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Programs and Services
The Community Guide can be used in the program planning process. Once planners identify their community health issues and draft measurable program objectives, the Community Guide can be used to select evidence-based interventions to help achieve those objectives.
For ideas on how to use the Community Guide in program planning, see our Program Planning Resource.
Preventive Health Care ServicesMedical, dental, nursing, mental health and other health care providers may find the Community Guide is a valuable complement to the Clinical Guide to Preventive Services that can assist them in:
- Adopting evidence-based strategies to improve the health of individuals and populations
- Promoting partnerships between practitioners and government, community, business, and voluntary organizations to plan and implement effective strategies in multiple health topics
- Combining information on what has worked with knowledge of a local community and healthcare system to design interventions that are tailored to local needs and realities
Here are a few examples of Community Guide recommendations you can use to improve health and prevent disease in your practice or community.
Tobacco use prevention and reduction:
- Reducing patient costs for treatments to quit smoking
- Telephone quit lines
- Provider reminder systems
- Provider reminder systems with provider education
- Standing orders for delivery of vaccines to adults
- Provider reminder and recalls
- Assessment and feedback for providers
Reducing cancer morbidity and mortality:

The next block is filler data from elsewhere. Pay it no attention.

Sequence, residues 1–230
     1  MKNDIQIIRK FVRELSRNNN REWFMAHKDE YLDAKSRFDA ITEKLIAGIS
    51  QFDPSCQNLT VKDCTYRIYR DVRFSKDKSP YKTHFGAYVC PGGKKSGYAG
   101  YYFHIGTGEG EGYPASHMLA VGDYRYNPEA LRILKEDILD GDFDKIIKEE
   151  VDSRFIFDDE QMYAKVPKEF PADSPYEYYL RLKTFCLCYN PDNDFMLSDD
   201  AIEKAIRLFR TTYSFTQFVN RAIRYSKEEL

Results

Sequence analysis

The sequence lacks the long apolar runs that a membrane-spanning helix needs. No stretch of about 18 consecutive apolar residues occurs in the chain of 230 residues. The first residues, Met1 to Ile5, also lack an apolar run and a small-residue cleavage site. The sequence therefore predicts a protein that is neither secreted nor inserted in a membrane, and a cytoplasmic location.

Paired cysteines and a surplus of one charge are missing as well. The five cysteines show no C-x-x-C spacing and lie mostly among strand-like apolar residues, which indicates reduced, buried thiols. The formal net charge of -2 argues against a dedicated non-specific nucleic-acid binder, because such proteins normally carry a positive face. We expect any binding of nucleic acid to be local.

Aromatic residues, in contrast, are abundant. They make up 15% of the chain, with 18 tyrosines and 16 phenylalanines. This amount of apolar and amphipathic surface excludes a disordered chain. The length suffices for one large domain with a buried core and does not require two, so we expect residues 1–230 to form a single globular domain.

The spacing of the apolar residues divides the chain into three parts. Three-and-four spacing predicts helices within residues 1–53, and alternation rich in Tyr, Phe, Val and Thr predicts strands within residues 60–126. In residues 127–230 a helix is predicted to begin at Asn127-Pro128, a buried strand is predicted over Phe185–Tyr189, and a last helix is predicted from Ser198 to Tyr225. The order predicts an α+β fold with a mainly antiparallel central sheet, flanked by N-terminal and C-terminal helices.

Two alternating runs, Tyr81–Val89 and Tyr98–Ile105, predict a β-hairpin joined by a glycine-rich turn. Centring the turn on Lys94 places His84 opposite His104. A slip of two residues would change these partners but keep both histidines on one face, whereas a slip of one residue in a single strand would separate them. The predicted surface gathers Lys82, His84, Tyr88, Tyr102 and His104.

Reducing tooth decay in children and adolescents:
Employee Health and Wellness
Purchasing Health Care Services
Purchasers of healthcare services must make difficult trade-offs and funding decisions, often working with limited budgets for health care in general, and prevention in particular. Many employers face information gaps that make investing in prevention difficult. Valid effectiveness data is often not readily available to employers, and economic data can be scarce.
The Community Guide helps address these gaps. It can be used as a resource to construct and select health benefit plans for clinical and preventive services, because it:
- Provides information on a spectrum of prevention services that work for groups of people, as well as cost effectiveness data where available
- Covers many evidence-based findings that speak to employers' health concerns and cost drivers such as:
- Informs the full scope of clinical and preventive health purchasing decisions when used alongside A Purchaser’s Guide to Clinical [PDF -216 kB] Preventive Services: Moving Science into Coverage [PDF -216 kB]
Worksite Health Promotion
The Community Guide is also a valuable resource when designing and implementing certain employee wellness policies and interventions, such as:
Supporting Local Community Health
Employees' health and productivity are affected by the communities in which they live. Employers can promote the health of employees and their families by partnering with city councils, school boards, and other local and state organizations to promote successful community health campaigns and programs. The Community Guide includes many recommendations for effective community health interventions, such as:
Integrating Clinical Care and Community Health: Delivering Health. Fielding JE, Teutsch SM. JAMA July 15, 2009, 302(3):317-319.
7 Ways Physicians Can Improve the Delivery of Preventive Care to Their Patients: Health Systems Recommendations [PDF - 61 kB] from the Guide to Community Preventive Services
Healthier Worksite Initiative from Centers for Disease Control and Prevention
Commentary on the Emerging Guide to Community Preventive Services from a Health Promotion Perspective. [PDF - 124 kB] Green LW , Kreuter MW. Am J Prev Med 2000: 18; 7-9.
A Purchaser’s Guide to Clinical Preventive Services: Moving Science into Coverage. [PDF - 2.08 MB] Campbell KP, Lanza A, Dixon R, Chattopadhyay S, Molinari N, Finch RA, editors. A Purchasers Guide to Clinical Preventive Services: Moving Science into Coverage. Washington, DC: National Business Group on Health; 2006